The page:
“Setting expectations is an important step for a faculty member to make in an online course. These expectations should not only communicate the deliverables for the course, but also the nature of the interaction between faculty and students and between the students. This is more critical … since self-motivation can be more difficult in an online environment. Expecting students to perform well has been found to be a self-fulfilling prophecy”
(Paul & Cochran, 2013, p.52).
As Rogerson-Revell (2015) put it, “it can be difficult in distance learning, without face-to-face interaction, to convey the teaching and learning ethos adopted within a particular programme” (p.130), which may result in a mismatch in expectations held by the instructor and the students. For this reason, it is essential that the instructor be explicit in his/her “explanations to students of the purpose of online work and [his/her] expectations of the activities they will undertake” (Sharpe & Benfield, as quoted in Rogerson-Revell, 2015, p.130).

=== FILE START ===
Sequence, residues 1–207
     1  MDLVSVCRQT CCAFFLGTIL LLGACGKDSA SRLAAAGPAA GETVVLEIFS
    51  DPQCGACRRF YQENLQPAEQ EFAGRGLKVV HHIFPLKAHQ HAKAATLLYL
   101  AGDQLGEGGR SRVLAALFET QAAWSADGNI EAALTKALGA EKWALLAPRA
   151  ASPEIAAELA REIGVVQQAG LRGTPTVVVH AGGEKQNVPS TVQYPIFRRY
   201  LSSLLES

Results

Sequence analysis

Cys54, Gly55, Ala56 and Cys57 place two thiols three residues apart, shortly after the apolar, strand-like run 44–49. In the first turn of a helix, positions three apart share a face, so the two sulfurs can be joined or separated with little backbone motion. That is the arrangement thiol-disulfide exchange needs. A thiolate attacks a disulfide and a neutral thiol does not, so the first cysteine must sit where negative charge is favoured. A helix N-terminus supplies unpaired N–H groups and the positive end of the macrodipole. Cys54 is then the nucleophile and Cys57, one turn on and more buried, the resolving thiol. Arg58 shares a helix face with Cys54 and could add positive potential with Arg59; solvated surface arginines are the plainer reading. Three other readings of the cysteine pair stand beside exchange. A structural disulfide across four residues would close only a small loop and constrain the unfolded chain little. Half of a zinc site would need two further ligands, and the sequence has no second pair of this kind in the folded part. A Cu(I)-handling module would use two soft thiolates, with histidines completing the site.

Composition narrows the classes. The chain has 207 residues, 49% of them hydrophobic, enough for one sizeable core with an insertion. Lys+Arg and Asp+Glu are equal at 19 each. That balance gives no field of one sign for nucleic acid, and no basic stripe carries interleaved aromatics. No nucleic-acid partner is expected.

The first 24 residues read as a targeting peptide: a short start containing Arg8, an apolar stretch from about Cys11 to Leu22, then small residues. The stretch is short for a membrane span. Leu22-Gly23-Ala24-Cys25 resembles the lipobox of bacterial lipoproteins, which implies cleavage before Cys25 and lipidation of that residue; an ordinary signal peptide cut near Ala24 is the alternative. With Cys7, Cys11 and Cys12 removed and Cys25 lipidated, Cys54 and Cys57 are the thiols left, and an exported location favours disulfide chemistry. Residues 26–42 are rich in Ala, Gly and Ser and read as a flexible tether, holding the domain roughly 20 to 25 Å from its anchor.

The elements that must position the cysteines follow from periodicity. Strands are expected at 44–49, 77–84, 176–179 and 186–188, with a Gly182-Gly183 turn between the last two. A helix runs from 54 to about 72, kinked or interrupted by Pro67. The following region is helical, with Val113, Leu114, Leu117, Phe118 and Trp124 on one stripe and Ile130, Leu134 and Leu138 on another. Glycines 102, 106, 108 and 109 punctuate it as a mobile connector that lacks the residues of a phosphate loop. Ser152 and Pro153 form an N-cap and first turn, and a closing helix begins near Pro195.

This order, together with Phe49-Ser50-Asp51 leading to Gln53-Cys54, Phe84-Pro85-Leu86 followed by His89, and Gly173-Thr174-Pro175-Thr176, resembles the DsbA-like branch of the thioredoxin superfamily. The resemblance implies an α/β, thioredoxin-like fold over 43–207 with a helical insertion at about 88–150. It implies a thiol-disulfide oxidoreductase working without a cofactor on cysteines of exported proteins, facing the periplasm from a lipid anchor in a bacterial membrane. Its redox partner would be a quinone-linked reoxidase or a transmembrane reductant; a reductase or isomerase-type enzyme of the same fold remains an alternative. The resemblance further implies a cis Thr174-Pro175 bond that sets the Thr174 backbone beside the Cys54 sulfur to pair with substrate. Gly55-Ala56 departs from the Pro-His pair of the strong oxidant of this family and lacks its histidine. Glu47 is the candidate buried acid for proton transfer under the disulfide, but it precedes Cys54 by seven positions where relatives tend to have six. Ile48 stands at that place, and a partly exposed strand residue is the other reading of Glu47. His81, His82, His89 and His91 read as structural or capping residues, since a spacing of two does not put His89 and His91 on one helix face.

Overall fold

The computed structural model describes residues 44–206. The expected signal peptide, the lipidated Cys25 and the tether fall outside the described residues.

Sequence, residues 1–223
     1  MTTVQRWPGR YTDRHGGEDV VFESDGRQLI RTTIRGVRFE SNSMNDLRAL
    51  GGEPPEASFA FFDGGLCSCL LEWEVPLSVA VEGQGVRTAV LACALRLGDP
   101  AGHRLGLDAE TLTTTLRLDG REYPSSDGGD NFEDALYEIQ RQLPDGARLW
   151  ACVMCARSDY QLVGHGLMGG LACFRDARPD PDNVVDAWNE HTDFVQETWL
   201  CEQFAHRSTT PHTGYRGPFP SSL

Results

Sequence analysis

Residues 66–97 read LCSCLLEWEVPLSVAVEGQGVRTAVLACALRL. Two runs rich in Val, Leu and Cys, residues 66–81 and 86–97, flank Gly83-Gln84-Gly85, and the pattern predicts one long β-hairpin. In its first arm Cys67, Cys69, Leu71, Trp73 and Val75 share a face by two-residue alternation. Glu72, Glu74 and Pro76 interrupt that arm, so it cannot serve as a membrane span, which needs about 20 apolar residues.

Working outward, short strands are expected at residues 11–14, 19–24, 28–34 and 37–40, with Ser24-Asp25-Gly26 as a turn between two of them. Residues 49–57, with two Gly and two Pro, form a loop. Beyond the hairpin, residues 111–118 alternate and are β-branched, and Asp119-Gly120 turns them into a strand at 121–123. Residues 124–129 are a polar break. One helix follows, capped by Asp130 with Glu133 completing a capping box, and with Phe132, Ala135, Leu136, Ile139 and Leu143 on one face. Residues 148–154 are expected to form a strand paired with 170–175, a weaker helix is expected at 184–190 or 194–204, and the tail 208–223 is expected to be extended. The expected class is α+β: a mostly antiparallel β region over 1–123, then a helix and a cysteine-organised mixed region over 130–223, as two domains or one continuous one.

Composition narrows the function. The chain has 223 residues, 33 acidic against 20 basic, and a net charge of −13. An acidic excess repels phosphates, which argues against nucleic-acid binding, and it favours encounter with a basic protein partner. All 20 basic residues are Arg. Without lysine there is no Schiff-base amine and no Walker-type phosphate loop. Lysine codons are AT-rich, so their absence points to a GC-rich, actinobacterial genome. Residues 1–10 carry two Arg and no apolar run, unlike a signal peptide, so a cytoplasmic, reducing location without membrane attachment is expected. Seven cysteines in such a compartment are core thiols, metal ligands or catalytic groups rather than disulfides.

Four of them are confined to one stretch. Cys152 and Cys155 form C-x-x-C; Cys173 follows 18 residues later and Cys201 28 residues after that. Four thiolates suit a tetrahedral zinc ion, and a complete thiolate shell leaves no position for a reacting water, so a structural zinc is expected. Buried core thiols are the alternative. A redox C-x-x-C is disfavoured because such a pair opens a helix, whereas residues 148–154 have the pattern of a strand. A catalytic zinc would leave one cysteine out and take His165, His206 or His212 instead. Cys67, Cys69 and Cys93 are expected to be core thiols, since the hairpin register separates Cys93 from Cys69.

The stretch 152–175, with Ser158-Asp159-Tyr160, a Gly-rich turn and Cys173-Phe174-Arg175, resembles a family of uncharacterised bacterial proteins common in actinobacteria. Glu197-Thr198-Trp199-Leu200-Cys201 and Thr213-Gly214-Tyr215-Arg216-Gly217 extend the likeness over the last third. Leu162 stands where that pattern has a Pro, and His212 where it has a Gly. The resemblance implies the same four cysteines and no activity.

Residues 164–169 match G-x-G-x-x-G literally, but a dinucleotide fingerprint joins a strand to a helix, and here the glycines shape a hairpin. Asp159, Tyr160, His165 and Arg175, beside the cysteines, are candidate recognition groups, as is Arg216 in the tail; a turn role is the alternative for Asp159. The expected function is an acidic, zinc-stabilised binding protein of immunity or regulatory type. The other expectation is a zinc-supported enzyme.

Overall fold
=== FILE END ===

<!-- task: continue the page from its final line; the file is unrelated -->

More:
Communicating clear expectations to learners is imperative for creating effective online experiences since the majority of distance learners are “time limited and trying to fit their studies in alongside work and personal commitments” (Rogerson-Revell, 2-15, p.131). Setting clear expectations allows the learners to manage their time more efficiently, which greatly facilitates the learning process and significantly contributes to online learner satisfaction (Boettcher & Conrad, 2011).